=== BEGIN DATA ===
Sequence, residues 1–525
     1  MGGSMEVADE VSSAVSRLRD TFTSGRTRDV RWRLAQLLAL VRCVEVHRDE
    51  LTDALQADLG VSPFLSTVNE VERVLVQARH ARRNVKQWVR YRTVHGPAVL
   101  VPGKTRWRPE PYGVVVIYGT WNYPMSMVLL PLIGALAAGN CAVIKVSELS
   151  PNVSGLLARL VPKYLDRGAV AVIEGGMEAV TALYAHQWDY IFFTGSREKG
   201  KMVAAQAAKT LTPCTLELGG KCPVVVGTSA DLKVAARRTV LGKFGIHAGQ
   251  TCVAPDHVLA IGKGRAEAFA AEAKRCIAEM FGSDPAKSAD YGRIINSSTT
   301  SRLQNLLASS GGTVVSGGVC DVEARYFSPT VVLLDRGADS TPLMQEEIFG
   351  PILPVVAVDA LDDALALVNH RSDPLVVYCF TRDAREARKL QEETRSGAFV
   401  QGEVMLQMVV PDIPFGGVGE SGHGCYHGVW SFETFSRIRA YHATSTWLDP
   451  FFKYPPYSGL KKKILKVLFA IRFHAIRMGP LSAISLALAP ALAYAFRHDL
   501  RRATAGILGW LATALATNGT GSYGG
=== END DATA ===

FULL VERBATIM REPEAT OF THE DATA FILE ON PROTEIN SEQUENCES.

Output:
Sequence, residues 1–525
     1  MGGSMEVADE VSSAVSRLRD TFTSGRTRDV RWRLAQLLAL VRCVEVHRDE
    51  LTDALQADLG VSPFLSTVNE VERVLVQARH ARRNVKQWVR YRTVHGPAVL
   101  VPGKTRWRPE PYGVVVIYGT WNYPMSMVLL PLIGALAAGN CAVIKVSELS
   151  PNVSGLLARL VPKYLDRGAV AVIEGGMEAV TALYAHQWDY IFFTGSREKG
   201  KMVAAQAAKT LTPCTLELGG KCPVVVGTSA DLKVAARRTV LGKFGIHAGQ
   251  TCVAPDHVLA IGKGRAEAFA AEAKRCIAEM FGSDPAKSAD YGRIINSSTT
   301  SRLQNLLASS GGTVVSGGVC DVEARYFSPT VVLLDRGADS TPLMQEEIFG
   351  PILPVVAVDA LDDALALVNH RSDPLVVYCF TRDAREARKL QEETRSGAFV
   401  QGEVMLQMVV PDIPFGGVGE SGHGCYHGVW SFETFSRIRA YHATSTWLDP
   451  FFKYPPYSGL KKKILKVLFA IRFHAIRMGP LSAISLALAP ALAYAFRHDL
   501  RRATAGILGW LATALATNGT GSYGG